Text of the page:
The U.S. government estimates the total population at 606,000 (July 2018 estimate).  The latest SAR yearbook does not provide an estimate for Buddhists but states they are numerous and that individuals often practice a mixture of Buddhism, Confucianism, and Chinese folk religions.  Other sources say the majority of the population practices Buddhism or Chinese folk religions.  The SAR Government Information Bureau estimates there are approximately 30,000 Roman Catholics, of whom more than half are foreign domestic workers and other expatriates, and more than 8,000 Protestants.  Protestant denominations include the Anglican, Baptist, Lutheran, Methodist, Pentecostal, and Presbyterian Churches.  Evangelical Christian and independent local nondenominational churches, some of which are affiliated with Mainland churches, are also present.  Various reports estimate the Muslim population at 5,000 to 10,000.  Smaller religious groups include Baha’is, who estimate their membership at above 2,000, and a small group of Falun Gong practitioners, with some estimates at 20 to 50 persons.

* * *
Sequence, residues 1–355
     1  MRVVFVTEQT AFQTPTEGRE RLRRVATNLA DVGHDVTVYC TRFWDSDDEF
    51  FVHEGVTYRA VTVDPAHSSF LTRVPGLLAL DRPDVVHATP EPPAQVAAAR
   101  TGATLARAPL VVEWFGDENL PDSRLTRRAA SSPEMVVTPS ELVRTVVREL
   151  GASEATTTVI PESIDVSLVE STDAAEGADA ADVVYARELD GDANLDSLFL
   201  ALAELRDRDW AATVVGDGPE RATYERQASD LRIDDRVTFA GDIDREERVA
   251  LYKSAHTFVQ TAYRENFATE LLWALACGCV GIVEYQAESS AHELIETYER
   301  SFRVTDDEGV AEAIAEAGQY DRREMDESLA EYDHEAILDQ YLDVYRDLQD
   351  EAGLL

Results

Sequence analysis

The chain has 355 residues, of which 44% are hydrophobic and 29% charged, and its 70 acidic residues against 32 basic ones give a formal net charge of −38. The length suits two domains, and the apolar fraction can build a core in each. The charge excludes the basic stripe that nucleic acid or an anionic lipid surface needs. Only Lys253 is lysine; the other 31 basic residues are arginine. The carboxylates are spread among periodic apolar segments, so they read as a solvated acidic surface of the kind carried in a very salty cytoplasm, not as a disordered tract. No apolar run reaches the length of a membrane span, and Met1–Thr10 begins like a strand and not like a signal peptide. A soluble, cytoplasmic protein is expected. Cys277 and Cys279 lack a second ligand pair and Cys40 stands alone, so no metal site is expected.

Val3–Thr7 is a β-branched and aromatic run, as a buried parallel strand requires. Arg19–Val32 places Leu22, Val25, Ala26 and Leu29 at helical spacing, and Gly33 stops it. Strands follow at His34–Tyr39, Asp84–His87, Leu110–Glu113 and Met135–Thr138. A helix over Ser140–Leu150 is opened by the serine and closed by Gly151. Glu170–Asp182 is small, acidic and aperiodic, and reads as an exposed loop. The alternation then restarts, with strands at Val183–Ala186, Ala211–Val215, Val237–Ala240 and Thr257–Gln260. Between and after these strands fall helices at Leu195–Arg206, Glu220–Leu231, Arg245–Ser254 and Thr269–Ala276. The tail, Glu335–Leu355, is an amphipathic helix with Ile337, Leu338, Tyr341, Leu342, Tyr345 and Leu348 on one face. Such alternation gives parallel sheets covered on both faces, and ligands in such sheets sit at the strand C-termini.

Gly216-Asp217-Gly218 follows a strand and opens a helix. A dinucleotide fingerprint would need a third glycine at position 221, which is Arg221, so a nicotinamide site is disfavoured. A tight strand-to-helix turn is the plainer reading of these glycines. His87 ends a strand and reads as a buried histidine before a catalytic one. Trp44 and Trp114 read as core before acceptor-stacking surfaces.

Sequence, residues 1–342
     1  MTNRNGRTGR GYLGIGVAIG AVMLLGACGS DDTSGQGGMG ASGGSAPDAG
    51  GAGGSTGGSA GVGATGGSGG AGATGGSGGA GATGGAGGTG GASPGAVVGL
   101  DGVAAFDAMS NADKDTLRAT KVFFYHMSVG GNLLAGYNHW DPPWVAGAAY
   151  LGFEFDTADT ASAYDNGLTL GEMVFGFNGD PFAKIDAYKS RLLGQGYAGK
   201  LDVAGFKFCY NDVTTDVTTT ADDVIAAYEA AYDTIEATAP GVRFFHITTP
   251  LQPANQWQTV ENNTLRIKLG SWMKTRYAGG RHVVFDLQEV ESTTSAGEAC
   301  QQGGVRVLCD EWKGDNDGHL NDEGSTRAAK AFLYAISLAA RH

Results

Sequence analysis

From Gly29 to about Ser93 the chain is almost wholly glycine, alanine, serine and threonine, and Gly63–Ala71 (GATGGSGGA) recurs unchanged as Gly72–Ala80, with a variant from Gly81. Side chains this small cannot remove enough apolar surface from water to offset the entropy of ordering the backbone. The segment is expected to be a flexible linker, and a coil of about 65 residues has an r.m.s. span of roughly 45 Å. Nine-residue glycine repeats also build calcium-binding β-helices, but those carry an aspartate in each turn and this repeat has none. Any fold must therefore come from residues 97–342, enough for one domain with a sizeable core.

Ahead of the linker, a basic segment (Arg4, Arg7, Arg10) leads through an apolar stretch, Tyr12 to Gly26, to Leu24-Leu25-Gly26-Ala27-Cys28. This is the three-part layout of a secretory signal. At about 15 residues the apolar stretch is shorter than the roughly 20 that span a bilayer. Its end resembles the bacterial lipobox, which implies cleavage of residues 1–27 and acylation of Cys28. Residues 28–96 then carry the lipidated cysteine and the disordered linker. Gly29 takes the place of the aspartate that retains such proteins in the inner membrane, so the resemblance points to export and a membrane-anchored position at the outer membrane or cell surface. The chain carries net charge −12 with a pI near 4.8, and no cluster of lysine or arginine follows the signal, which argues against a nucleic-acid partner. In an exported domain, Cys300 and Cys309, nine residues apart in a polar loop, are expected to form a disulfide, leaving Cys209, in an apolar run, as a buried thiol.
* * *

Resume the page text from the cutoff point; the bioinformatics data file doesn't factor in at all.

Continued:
Malaysia

Section I. Religious Demography